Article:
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Boys 2 Men

In Almodóvar’s poignant new drama, gender twists like a corkscrew and first love lasts forever.

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Director Pedro Almodóvar with actor Gabriel García Bernal.  

Director Pedro Almodóvar excels at finding ways of putting desire, agonizing unrequited love, and purely impure horniness on a movie screen. He remembers, in film after film, what many of us, once hurt, would like to forget: those times when you’ve loved someone so intensely it seems as though your chest will burst; when the mere sight of the person you’re obsessed with makes you shake inside; when those feelings erupt in ways that doom or explode whatever relationship you may be trying to nurture.

The Oscar-winning Spanish filmmaker’s new movie, Bad Education, takes the notion of falling in love with the “wrong” person to a new, delirious extreme. It begins in 1980 Madrid, as Enrique (Fele Martínez), a successful young director, searches for a subject for his next film. Into his production office strides a handsome fellow who says he’s Enrique’s old school chum, Ignacio, he’s now an actor, and he’s written a semiautobiographical tale that would make a good starring vehicle for himself. Skeptical, Enrique reads Ignacio’s story, which is about a period in Enrique’s life when, in Catholic school, he and Ignacio were 10-year-old boys in love with each other and how Ignacio was molested by a priest, Father Manolo (Daniel Giménez-Cacho). Ignacio’s story then jumps forward, to a time when he’s transformed himself into Zahara, a drug-addict transvestite who confronts Manolo.

Intrigued—jeez, Louise, who wouldn’t be?—Enrique decides to make this movie, but he doesn’t want to cast Ignacio as Zahara, saying his friend is too masculine-looking for the role. This leads to tension between the two, even as their youthful attraction to each other is reignited. As Enrique pursues the project, he discovers the seeming Ignacio is actually Ignacio’s brother, Juan (Juan/Zahara is played by Gael García Bernal), and Bad Education takes a turn—heck, takes many turns—I’m not willing to reveal, because following the twists is actually what the movie is about: the wrenching twists life takes.

Having won Oscars for All About My Mother (2000) and Talk to Her (2003), Almodóvar may be becoming a bit too self-conscious for his own good—too aware of his world-cinema rep as, in the words of a profile in the New York Times recently hyped him, “the most original and daring filmmaker working today.” Oh, pish-tosh: Almodóvar is best when he’s being gleefully disreputable—eager to play the filmmaker-clown, to encourage his actors to give go-for-broke, often absurdist performances, never minding that you notice whom he’s thieving from.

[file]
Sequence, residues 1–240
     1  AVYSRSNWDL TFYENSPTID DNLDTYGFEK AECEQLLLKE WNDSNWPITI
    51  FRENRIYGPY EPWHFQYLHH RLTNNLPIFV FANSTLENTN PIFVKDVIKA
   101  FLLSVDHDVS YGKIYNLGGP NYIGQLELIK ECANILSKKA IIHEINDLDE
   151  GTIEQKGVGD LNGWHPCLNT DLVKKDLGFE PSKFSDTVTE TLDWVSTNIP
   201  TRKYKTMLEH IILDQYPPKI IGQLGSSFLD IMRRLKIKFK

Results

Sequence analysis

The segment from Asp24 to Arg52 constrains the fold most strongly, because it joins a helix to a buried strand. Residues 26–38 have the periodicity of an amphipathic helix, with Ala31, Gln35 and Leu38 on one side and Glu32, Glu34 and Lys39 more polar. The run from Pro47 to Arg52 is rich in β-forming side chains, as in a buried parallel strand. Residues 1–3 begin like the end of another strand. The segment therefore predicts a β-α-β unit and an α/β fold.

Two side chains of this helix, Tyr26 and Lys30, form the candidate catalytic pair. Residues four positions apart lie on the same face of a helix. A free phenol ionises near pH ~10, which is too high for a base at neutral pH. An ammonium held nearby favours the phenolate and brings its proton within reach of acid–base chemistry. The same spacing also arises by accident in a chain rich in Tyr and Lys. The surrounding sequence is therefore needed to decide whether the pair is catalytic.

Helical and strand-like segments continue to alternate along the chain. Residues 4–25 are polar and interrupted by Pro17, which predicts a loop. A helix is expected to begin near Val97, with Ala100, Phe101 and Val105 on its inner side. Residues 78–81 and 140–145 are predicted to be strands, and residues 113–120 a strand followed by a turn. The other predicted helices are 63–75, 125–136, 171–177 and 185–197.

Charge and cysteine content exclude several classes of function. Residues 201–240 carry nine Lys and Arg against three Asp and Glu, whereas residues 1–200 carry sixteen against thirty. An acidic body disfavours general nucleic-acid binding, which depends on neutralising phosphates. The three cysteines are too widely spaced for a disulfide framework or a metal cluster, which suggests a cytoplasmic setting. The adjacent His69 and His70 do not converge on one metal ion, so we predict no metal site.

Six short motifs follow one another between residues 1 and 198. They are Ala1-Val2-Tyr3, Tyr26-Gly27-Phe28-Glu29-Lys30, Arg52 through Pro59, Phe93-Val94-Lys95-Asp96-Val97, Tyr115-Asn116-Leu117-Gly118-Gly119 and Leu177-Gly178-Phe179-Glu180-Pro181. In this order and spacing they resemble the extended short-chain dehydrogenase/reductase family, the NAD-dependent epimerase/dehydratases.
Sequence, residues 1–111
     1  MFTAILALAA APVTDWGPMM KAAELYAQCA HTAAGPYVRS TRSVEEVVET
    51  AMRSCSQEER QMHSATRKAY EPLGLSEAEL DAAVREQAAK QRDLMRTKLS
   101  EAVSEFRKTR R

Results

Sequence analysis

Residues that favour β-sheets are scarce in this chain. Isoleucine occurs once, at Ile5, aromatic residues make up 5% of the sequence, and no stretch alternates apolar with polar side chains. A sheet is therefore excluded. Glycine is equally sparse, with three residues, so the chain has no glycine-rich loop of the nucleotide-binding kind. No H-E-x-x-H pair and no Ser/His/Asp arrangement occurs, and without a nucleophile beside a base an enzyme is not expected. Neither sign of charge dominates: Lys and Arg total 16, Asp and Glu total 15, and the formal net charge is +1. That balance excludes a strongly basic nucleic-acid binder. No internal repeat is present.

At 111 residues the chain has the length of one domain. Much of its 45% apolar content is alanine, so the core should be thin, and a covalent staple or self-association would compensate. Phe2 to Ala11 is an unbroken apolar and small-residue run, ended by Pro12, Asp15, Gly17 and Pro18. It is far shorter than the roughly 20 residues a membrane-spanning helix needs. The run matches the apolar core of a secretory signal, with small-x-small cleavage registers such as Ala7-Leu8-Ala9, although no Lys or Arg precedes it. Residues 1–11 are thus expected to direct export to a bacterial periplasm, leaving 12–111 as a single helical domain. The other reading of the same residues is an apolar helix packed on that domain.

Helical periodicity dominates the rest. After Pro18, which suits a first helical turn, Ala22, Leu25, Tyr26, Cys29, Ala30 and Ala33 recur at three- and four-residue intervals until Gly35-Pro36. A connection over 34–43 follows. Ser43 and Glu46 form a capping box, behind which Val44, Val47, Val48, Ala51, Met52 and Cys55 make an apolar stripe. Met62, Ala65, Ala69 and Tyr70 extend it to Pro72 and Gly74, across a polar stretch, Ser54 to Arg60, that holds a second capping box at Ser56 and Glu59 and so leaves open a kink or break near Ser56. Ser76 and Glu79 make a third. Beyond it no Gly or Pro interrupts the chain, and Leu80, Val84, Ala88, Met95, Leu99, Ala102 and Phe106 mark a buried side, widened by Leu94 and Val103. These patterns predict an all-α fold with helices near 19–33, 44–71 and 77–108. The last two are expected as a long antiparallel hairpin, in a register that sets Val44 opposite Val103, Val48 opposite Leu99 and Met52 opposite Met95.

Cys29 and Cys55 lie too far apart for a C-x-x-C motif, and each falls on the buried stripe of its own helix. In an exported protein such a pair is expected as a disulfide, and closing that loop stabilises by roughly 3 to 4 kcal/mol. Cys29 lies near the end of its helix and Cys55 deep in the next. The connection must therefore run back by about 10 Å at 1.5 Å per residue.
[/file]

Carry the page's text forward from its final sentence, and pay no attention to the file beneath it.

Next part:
In earlier movies like What Have I Done to Deserve This? (1984) and Women on the Verge of a Nervous Breakdown (1988), Almodóvar achieved surrealist farce, part Luis Buñuel, part Jean-Luc Godard. He is, in Godard’s familiar phrase, a child of Marx and Coca-Cola: contradictory, a trickster, drunk on the use of the bright colors and cultural contradictions of commercial filmmaking. Bad Education, however, finds Almodóvar trying too hard to be sober. He has two of his protagonists go to a movie theater featuring “Film Noir Week,” and one of them says portentously, “It’s as if all the movies were talking about us.” When Almodóvar wants to suggest how childhood molestation affected one of the boys—disassociated the poor kid’s personality—he has a thick line of crimson-red blood run down the center of the youth’s face, and then splits that face in two.

But in contrast to such heavy-handedness, Bad Education also does some truly daring things, not least of which is to make the criminal priest a sympathetic character. Or at least, sympathetic by Almodóvar standards, in that the bedeviled man of shaky faith is driven by sincere passion, suffers for it, and then continues to pursue that passion for the rest of a perfectly miserable life. The wretch takes on a kind of dragged-through-the-gutter beatification. It’s no wonder the director has referred to Bad Education as his “anti–Mel Gibson movie”: Almodóvar, a lapsed Catholic, suggests that Christ’s mercy must extend to his most flamboyant sinners.

And Almodóvar sure knows from flamboyance. He gets a lushly layered performance from Bernal, who can’t just float through these proceedings looking alluring, as he did in the pretty but flat The Motorcycle Diaries. Fele Martínez is equally good: He’s slyly funny in the beginning, copping a pose of wan hipness to disguise Enrique’s quiet desperation to maintain his status as a hot director who hasn’t got a clue what his next hit should be. Then Martinez dives deeper into the character—dropping the pose—the more Enrique uncovers about Ignacio and Juan. Bad Education may be at once too gimmicky and too sincere. But it still exerts an uncanny power: Like the best of Almodóvar’s work, it throws you a first-love sucker punch that will stagger your heart, mind, and soul.

Bad Education
Directed By Pedro Almodóvar
Sony Pictures Classics. Not Yet Rated.


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